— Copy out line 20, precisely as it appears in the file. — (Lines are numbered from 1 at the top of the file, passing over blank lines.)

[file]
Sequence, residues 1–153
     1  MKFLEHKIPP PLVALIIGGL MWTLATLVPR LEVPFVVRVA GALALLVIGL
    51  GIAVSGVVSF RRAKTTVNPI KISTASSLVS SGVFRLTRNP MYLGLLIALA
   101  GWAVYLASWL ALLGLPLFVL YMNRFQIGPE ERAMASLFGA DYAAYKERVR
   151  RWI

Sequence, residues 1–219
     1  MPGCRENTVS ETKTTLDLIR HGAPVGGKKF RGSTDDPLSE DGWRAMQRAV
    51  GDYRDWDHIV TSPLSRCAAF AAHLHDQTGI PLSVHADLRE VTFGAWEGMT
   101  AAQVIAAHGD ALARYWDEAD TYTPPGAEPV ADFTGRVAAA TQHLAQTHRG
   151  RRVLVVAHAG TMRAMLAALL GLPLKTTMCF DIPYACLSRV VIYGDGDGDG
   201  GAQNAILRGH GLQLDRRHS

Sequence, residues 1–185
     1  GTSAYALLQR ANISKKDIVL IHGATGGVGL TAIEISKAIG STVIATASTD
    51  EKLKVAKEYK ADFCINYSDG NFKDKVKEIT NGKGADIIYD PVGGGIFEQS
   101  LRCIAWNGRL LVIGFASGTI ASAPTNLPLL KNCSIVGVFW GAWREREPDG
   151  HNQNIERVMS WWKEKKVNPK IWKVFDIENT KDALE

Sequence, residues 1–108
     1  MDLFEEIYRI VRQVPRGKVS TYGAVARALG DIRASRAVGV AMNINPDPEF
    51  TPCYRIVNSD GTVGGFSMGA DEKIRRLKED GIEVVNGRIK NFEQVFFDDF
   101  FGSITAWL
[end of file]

   101  FGSITAWL